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The Effects Of Political Parties On A Democracy

1189 words - 5 pages

The Effects of Political Parties on a Democracy

There are indeed several aspects in the composition of political
parties that threaten democracy in the UK, whilst other aspects may
promote democracy. Careful analysis must be done in order to establish
to what extent either is true.

On the one hand, it may be argued that parties in fact promote
democracy for a variety of reasons. Firstly, they assist the
electorate by offering them a coherent choice, allowing people to vote
democratically. Rather than the electorate having to choose between
several members of each party, and having to place votes for central
government subsequent to placing local constituency votes, voting is
made simple and straightforward. Voters have merely a choice between
separate parties, and beside each party is one pre-appointed MP
Representative. Furthermore, by engaging in extensive and vigorous
campaigns before elections, and thereby holding conferences; rallies
and distributing party manifestos, parties facilitate the electorate
to make educated decisions on polling day. This further ensures
democratic voting, as it not only assists the voters to vote for those
who they realise they most identify with ideologically, but party
campaigning also gets more of the public involved, ensuring a higher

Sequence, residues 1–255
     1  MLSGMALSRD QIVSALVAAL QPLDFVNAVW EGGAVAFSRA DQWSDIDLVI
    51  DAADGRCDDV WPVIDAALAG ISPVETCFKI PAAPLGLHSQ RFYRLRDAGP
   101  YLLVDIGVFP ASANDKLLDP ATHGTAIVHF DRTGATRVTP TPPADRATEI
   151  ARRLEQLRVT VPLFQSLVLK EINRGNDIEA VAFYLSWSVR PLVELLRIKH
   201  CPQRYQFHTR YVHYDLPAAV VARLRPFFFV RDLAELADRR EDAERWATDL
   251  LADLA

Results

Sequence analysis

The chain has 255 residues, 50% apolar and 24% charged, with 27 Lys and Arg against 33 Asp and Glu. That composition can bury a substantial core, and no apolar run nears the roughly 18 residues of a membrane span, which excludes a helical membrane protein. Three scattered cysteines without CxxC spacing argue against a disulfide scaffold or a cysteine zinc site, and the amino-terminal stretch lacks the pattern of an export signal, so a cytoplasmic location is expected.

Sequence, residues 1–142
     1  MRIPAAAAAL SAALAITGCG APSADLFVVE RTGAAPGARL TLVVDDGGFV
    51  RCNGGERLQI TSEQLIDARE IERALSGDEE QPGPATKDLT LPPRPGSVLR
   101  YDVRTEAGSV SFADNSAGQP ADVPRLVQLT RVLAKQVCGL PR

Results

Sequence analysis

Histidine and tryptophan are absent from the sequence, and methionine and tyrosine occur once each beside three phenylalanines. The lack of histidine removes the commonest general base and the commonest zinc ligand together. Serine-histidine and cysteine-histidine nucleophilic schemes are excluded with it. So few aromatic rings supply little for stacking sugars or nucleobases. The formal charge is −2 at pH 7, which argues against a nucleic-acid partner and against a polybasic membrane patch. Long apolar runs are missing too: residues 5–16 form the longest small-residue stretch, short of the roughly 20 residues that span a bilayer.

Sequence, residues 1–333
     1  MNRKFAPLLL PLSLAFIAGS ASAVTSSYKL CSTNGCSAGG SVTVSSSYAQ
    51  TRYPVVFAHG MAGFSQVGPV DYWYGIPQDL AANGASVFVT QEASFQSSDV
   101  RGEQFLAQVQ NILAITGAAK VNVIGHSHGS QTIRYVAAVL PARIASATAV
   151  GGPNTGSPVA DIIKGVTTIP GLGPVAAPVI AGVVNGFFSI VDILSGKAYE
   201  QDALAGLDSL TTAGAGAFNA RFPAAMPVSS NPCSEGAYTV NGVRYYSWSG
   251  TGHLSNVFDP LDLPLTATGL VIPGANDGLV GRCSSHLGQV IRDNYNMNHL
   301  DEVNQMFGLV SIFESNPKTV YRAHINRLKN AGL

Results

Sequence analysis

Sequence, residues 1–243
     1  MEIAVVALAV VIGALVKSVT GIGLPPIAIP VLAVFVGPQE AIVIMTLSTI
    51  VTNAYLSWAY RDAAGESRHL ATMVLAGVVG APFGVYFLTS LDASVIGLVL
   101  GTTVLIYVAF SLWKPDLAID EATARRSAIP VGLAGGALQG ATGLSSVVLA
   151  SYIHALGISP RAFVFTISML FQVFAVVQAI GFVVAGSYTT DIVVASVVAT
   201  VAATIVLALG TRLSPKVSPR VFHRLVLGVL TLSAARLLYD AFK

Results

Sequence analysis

turn out at the polls. Rather than a government elected by only 40% of
the electorate, which would establish poor roots for the democracy of
that government, election campaigns get more, and a wider range of the
electorate actively involved, ensuring higher turnouts at the polls,
and thus a higher standard of democracy.

Parties are also trying to encourage more participation within the
party. They are currently trying to attract support from an
increasingly diverse and distracted society. In 1997, New Labour
capitalised on the number of women who were elected, establishing the
impression that the party is ‘female friendly’. The Conservative party
is also aiming to recruit more women and ethnic minority candidates in
time for the upcoming general election in May 2005. It has also given
higher platforms to those women already elected: Several years ago,
Theresa May was appointed as party chairman. Not only by modernising
themselves to represent current populations in Britain, parties also
modernise themselves by generating new ideas for changing times. The
labour party is the most famous for adapting its policies and
ideology. Labour changed its name to ‘New Labour’ under the leadership
of Tony Blair in 1997, to reflect these radical changes. At this time
Labour chose to adapt its policies, and lose a lot of its socialist
values. Under ‘Old Labour’ state ownership was held under high regard.
But after Thatcher’s privatisation of state businesses, Labour
acknowledged that it would be dangerous to radically...

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